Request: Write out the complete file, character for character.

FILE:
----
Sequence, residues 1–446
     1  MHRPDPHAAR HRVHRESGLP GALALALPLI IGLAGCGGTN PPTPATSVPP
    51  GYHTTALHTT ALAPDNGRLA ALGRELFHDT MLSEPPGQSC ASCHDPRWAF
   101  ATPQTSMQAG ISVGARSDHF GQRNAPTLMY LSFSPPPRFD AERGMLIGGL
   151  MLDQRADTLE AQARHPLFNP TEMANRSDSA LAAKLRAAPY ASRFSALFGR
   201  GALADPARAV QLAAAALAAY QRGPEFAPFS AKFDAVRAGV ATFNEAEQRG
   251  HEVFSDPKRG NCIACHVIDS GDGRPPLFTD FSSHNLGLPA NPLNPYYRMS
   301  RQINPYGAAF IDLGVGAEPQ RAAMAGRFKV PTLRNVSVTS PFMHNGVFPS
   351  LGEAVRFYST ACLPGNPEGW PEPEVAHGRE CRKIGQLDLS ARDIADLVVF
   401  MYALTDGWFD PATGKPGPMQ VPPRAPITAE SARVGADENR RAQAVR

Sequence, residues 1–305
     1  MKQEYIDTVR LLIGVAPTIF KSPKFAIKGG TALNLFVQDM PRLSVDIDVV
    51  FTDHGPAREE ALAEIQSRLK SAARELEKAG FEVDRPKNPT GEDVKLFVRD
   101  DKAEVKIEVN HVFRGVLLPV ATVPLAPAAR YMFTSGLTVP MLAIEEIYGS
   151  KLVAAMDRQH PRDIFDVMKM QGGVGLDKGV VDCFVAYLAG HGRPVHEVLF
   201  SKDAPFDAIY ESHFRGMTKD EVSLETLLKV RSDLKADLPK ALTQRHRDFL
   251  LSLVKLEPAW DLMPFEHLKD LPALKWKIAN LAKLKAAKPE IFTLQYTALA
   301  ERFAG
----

Sequence, residues 1–446
     1  MHRPDPHAAR HRVHRESGLP GALALALPLI IGLAGCGGTN PPTPATSVPP
    51  GYHTTALHTT ALAPDNGRLA ALGRELFHDT MLSEPPGQSC ASCHDPRWAF
   101  ATPQTSMQAG ISVGARSDHF GQRNAPTLMY LSFSPPPRFD AERGMLIGGL
   151  MLDQRADTLE AQARHPLFNP TEMANRSDSA LAAKLRAAPY ASRFSALFGR
   201  GALADPARAV QLAAAALAAY QRGPEFAPFS AKFDAVRAGV ATFNEAEQRG
   251  HEVFSDPKRG NCIACHVIDS GDGRPPLFTD FSSHNLGLPA NPLNPYYRMS
   301  RQINPYGAAF IDLGVGAEPQ RAAMAGRFKV PTLRNVSVTS PFMHNGVFPS
   351  LGEAVRFYST ACLPGNPEGW PEPEVAHGRE CRKIGQLDLS ARDIADLVVF
   401  MYALTDGWFD PATGKPGPMQ VPPRAPITAE SARVGADENR RAQAVR

Sequence, residues 1–305
     1  MKQEYIDTVR LLIGVAPTIF KSPKFAIKGG TALNLFVQDM PRLSVDIDVV
    51  FTDHGPAREE ALAEIQSRLK SAARELEKAG FEVDRPKNPT GEDVKLFVRD
   101  DKAEVKIEVN HVFRGVLLPV ATVPLAPAAR YMFTSGLTVP MLAIEEIYGS
   151  KLVAAMDRQH PRDIFDVMKM QGGVGLDKGV VDCFVAYLAG HGRPVHEVLF
   201  SKDAPFDAIY ESHFRGMTKD EVSLETLLKV RSDLKADLPK ALTQRHRDFL
   251  LSLVKLEPAW DLMPFEHLKD LPALKWKIAN LAKLKAAKPE IFTLQYTALA
   301  ERFAG